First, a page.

They say that in government networking is the name of the game. One particular tool that can really help you make meaningful connections, as a young professional, is highly underutilized because few actually know its purpose or protocol: it’s called the informational interview.
It’s okay if you’ve never heard of it. Prior to arriving in DC, I never knew what it was either and I’m just starting to learn the ropes.
An informational interview is not as formal as a job interview but it’s not as informal as a coffee meeting either. US News defines it as a one-on-one conversation with someone who has a job you might like, who works within an industry you might want to enter, or who is employed by a specific organization that you’re interested in learning about.
The key is to remember that the purpose is not to ask for a job but to help you establish meaningful relationships with people who work in the field you are interested in. Your goal is to get more information about what it’s like to actually work in that field.
Set Up an Informational Interview
Now that you know what it actually is, how do you go about setting up an informational interview? The first step is to find contacts. Sit down and talk with some mentors, supervisors, teachers, or people in your network for contacts in an agency or job that interests you.
I have one particular graduate professor who has been extremely generous in helping me make connections with people in the fields of my interests. I had to take that initial step, however, and sit down with him to talk about my professional interests, tell him what sort of career track I was thinking about, and ask for his advice on how to proceed. Usually, these initial contacts will refer you to others in the field who could help address some of your questions.
The next step is to reach out and make contact with the references. Sometimes that mentor or supervisor will introduce the two of you in an email, but you’ll still want to follow up with the reference to make a formal introduction. Be sure to give some background information about yourself and why you’re interested in speaking with the person. An example for an introduction can be something like:
“Dear Mrs. Smith, Brad Johnson suggested I speak with you. My name is ________ and I am currently (insert background about yourself) and am interested in the _______ field. Brad had a lot of great things to say about you and I could use some advice from someone who is in this field. I’d love to hear your insights on (their work in particular). Do you have time in the next two weeks to meet for about 20 minutes?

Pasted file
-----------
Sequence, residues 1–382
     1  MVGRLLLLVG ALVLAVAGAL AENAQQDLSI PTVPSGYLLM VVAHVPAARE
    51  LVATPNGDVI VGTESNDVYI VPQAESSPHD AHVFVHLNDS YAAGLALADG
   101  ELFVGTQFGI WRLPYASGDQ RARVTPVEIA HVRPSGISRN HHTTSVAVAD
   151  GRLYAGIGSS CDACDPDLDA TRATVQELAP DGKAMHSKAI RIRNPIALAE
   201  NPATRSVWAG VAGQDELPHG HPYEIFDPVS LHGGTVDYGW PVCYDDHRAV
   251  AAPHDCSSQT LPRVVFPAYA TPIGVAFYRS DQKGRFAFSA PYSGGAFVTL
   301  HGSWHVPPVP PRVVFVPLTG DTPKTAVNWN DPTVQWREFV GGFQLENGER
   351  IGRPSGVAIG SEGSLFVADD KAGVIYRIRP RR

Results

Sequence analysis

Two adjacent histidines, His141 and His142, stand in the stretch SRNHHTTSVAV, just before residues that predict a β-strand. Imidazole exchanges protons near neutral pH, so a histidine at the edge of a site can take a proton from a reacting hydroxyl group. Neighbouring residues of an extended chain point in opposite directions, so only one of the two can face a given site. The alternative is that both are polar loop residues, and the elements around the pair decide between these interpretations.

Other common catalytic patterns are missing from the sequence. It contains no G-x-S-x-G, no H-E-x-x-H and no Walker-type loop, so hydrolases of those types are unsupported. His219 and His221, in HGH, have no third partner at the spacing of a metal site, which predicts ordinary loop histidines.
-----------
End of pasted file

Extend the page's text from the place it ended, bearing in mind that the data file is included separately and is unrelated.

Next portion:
Be mindful of the person’s time. As a successful individual in the field of your interest, he or she is probably very busy. Plan for 30 minutes max for the interview and don’t be averse to a phone call if she doesn’t have time to step out of the office for lunch or coffee.
Conduct an Informational Interview
Now that you’ve set up a time with the individual, make sure to read up on her background and prepare some questions in advance. Do as much research as you can beforehand about the individual, her profession, and the organization where she works.
If the person has published any work, it’s very important that you read up on her articles or research. That way, you can even start off the interview with something like, “I read your paper on _________, what are your thoughts on ____________?” It not only shows you’ve done your homework, but it also shows you have an interest in actually getting to know about her and what she does, and you’re not just there to get ahead in your career.
For the actual interview, Careeronestop suggests having the following questions prepared in advance:
- I understand you worked at Organization A before moving on to Organization B. Could you tell me more about your career path and how you ended up working at your current organization?
- What is a typical day like in your job?
- What do you like most/least about this career and this organization?
- What are some of the most challenging aspects of your job?
- What experiences best prepared you for this job?
Finally, as you wrap up the interview, keep these tips in mind:
- Ask for names and contacts in the field at the conclusion of interview. The most important question you should ask at the end of an interview is “Do you have any recommendations as to who to follow up with in this field?”
- Send thank yous and follow up. Send an email or a note no later than one day after your meeting. Thank the person for her time and refer back to some of her suggestions like, “I look forward to following up on this list serv you suggested” or “I look forward to meeting this person you referred me to.”
- Keep in touch with every reference. Don’t just drop your references and move on. If they suggested an article or a new contact, reach out to them and let them know you’re actually taking their advice. And remember your original contact, like my graduate professor? Make sure to keep someone like him in the loop after you met with the people he sent you to.
A lot of the contacts I have been referred to have one thing in common: they got their job because someone helped them get connected to someone. It’s a small world in the government and overall job sector. You never know who knows whom. So be sure to use informational interviews as a tool to establish meaningful, sustained professional relationships. It may not be immediate, but you never know when someone could be the next person to help you land that important job.
For more reading about millennials in public service, check out this weekly GovLoop series, First 5: Advice from millennial to millennial